There exists a constraint on protein pH-dependence, in relation to the local pH, that is manifested in the pKa distribution of histidine sub-proteomes. This is discussed in terms of protein stability, pH homeostasis, and fluctuations in proton concentration.
doi:10.1186/1741-7007-7-69
PMCID: PMC2770037  PMID: 19849832
21.  TonB-dependent transporters and their occurrence in cyanobacteria 
BMC Biology  2009;7:68.
Background
Different iron transport systems evolved in Gram-negative bacteria during evolution. Most of the transport systems depend on outer membrane localized TonB-dependent transporters (TBDTs), a periplasma-facing TonB protein and a plasma membrane localized machinery (ExbBD). So far, iron chelators (siderophores), oligosaccharides and polypeptides have been identified as substrates of TBDTs. For iron transport, three uptake systems are defined: the lactoferrin/transferrin binding proteins, the porphyrin-dependent transporters and the siderophore-dependent transporters. However, for cyanobacteria almost nothing is known about possible TonB-dependent uptake systems for iron or other substrates.
Results
We have screened all publicly available eubacterial genomes for sequences representing (putative) TBDTs. Based on sequence similarity, we identified 195 clusters, where elements of one cluster may possibly recognize similar substrates. For Anabaena sp. PCC 7120 we identified 22 genes as putative TBDTs covering almost all known TBDT subclasses. This is a high number of TBDTs compared to other cyanobacteria. The expression of the 22 putative TBDTs individually depends on the presence of iron, copper or nitrogen.
Conclusion
We exemplified on TBDTs the power of CLANS-based classification, which demonstrates its importance for future application in systems biology. In addition, the tentative substrate assignment based on characterized proteins will stimulate the research of TBDTs in different species. For cyanobacteria, the atypical dependence of TBDT gene expression on different nutrition points to a yet unknown regulatory mechanism. In addition, we were able to clarify a hypothesis of the absence of TonB in cyanobacteria by the identification of according sequences.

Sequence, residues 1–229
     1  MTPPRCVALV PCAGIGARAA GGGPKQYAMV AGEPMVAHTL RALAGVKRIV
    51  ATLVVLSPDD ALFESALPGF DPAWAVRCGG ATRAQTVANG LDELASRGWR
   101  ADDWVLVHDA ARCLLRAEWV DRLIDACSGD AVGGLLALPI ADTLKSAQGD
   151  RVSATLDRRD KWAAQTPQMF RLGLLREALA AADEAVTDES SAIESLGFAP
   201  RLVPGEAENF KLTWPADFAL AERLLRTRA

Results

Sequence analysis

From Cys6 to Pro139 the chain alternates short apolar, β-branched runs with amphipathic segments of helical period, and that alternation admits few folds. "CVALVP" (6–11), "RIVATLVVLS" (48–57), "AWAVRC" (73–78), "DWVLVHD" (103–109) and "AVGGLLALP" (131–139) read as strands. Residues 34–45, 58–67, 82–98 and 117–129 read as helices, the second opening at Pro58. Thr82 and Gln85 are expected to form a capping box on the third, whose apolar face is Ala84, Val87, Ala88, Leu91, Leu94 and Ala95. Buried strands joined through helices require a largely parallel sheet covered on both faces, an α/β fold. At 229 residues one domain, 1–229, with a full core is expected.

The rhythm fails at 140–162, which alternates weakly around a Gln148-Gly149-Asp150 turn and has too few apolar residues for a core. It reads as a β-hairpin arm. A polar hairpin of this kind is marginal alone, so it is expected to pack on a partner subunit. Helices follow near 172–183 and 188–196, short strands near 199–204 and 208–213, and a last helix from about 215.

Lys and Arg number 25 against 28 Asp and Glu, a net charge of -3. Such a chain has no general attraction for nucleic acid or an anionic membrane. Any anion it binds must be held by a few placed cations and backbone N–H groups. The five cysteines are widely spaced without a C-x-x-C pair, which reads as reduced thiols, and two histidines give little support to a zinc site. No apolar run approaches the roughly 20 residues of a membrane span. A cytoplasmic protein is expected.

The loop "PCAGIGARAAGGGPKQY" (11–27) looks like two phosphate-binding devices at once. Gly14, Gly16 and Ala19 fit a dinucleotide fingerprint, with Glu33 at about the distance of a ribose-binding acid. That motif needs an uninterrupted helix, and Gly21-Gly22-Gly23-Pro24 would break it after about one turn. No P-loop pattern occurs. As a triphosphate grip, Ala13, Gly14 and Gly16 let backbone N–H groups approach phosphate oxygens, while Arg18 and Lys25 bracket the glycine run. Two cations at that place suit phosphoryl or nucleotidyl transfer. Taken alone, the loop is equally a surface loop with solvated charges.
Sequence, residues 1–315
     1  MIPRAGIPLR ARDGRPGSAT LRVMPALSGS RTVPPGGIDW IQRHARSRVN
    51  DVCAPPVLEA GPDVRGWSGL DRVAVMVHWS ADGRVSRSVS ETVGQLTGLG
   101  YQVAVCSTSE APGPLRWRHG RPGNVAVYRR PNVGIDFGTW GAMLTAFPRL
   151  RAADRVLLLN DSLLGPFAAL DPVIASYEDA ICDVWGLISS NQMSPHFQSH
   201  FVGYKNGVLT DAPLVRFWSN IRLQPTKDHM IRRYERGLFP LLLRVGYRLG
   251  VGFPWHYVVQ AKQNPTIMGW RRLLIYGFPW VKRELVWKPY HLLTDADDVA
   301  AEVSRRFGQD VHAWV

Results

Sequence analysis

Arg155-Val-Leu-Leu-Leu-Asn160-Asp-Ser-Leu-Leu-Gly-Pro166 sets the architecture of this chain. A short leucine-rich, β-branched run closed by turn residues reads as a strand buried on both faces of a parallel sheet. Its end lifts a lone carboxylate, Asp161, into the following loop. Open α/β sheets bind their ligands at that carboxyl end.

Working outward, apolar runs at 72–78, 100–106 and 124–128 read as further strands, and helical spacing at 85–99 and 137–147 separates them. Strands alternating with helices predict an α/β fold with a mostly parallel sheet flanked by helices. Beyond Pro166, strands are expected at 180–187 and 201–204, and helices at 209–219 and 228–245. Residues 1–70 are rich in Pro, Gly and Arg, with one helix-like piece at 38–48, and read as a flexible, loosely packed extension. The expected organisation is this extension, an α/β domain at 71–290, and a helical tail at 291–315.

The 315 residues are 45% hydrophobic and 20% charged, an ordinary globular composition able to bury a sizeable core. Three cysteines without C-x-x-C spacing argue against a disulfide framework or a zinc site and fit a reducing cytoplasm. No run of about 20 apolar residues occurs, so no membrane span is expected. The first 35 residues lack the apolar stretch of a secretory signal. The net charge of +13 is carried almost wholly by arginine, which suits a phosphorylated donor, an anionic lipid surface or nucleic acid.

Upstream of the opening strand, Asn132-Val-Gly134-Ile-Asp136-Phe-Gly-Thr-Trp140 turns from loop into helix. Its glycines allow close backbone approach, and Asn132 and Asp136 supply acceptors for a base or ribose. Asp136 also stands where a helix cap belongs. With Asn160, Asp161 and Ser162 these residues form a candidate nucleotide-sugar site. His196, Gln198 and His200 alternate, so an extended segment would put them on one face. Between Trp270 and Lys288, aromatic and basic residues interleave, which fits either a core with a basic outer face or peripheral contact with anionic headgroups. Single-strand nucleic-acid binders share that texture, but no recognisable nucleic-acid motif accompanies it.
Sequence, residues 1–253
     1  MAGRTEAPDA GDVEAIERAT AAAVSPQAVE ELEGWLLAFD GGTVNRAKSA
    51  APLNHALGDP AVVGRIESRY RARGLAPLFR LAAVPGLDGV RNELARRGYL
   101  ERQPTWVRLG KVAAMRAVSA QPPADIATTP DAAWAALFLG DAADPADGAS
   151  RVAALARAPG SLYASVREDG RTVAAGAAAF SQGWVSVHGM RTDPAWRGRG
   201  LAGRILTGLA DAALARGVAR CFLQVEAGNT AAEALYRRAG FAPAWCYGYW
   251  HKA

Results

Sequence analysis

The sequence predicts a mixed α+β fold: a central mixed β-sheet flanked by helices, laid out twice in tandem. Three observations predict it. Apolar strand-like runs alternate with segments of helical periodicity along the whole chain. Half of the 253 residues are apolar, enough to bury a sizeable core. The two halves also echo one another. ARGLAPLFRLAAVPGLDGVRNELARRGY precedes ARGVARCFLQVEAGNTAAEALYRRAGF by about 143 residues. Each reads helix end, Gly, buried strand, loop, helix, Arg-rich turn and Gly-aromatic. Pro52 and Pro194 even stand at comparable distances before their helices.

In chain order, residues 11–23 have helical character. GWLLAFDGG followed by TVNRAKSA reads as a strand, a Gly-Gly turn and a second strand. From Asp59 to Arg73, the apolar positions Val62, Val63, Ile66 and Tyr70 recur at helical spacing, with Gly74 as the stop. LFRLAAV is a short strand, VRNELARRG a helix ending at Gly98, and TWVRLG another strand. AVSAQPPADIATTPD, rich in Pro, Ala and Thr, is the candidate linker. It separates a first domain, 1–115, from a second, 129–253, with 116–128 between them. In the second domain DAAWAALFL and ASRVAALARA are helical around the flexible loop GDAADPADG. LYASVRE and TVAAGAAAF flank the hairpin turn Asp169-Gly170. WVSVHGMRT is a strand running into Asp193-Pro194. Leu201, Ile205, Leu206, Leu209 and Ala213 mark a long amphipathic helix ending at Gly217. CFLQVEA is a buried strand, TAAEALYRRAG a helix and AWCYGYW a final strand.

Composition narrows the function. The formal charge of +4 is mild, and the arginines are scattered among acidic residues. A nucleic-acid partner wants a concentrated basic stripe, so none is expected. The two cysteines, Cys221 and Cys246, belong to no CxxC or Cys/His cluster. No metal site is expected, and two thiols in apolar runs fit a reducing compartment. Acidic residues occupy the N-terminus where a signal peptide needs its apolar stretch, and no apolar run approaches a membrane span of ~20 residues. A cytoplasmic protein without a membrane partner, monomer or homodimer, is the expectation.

doi:10.1186/1741-7007-7-68
PMCID: PMC2771747  PMID: 19821963
22.  Retinoic acid enhances skeletal muscle progenitor formation and bypasses inhibition by bone morphogenetic protein 4 but not dominant negative β-catenin 
BMC Biology  2009;7:67.
Background
Understanding stem cell differentiation is essential for the future design of cell therapies. While retinoic acid (RA) is the most potent small molecule enhancer of skeletal myogenesis in stem cells, the stage and mechanism of its function has not yet been elucidated. Further, the intersection of RA with other signalling pathways that stimulate or inhibit myogenesis (such as Wnt and BMP4, respectively) is unknown. Thus, the purpose of this study is to examine the molecular mechanisms by which RA enhances skeletal myogenesis and interacts with Wnt and BMP4 signalling during P19 or mouse embryonic stem (ES) cell differentiation.
Results
Treatment of P19 or mouse ES cells with low levels of RA led to an enhancement of skeletal myogenesis by upregulating the expression of the mesodermal marker, Wnt3a, the skeletal muscle progenitor factors Pax3 and Meox1, and the myogenic regulatory factors (MRFs) MyoD and myogenin. By chromatin immunoprecipitation, RA receptors (RARs) bound directly to regulatory regions in the Wnt3a, Pax3, and Meox1 genes and RA activated a β-catenin-responsive promoter in aggregated P19 cells. In the presence of a dominant negative β-catenin/engrailed repressor fusion protein, RA could not bypass the inhibition of skeletal myogenesis nor upregulate Meox1 or MyoD. Thus, RA functions both upstream and downstream of Wnt signalling. In contrast, it functions downstream of BMP4, as it abrogates BMP4 inhibition of myogenesis and Meox1, Pax3, and MyoD expression. Furthermore, RA downregulated BMP4 expression and upregulated the BMP4 inhibitor, Tob1. Finally, RA inhibited cardiomyogenesis but not in the presence of BMP4.
Conclusion
RA can enhance skeletal myogenesis in stem cells at the muscle specification/progenitor stage by activating RARs bound directly to mesoderm and skeletal muscle progenitor genes, activating β-catenin function and inhibiting bone morphogenetic protein (BMP) signalling. Thus, a signalling pathway can function at multiple levels to positively regulate a developmental program and can function by abrogating inhibitory pathways. Finally, since RA enhances skeletal muscle progenitor formation, it will be a valuable tool for designing future stem cell therapies.
doi:10.1186/1741-7007-7-67
PMCID: PMC2764571  PMID: 19814781
23.  Recombination and insertion events involving the botulinum neurotoxin complex genes in Clostridium botulinum types A, B, E and F and Clostridium butyricum type E strains 
BMC Biology  2009;7:66.
Background
Clostridium botulinum is a taxonomic designation for at least four diverse species that are defined by the expression of one (monovalent) or two (bivalent) of seven different C. botulinum neurotoxins (BoNTs, A-G). The four species have been classified as C. botulinum Groups I-IV. The presence of bont genes in strains representing the different Groups is probably the result of horizontal transfer of the toxin operons between the species.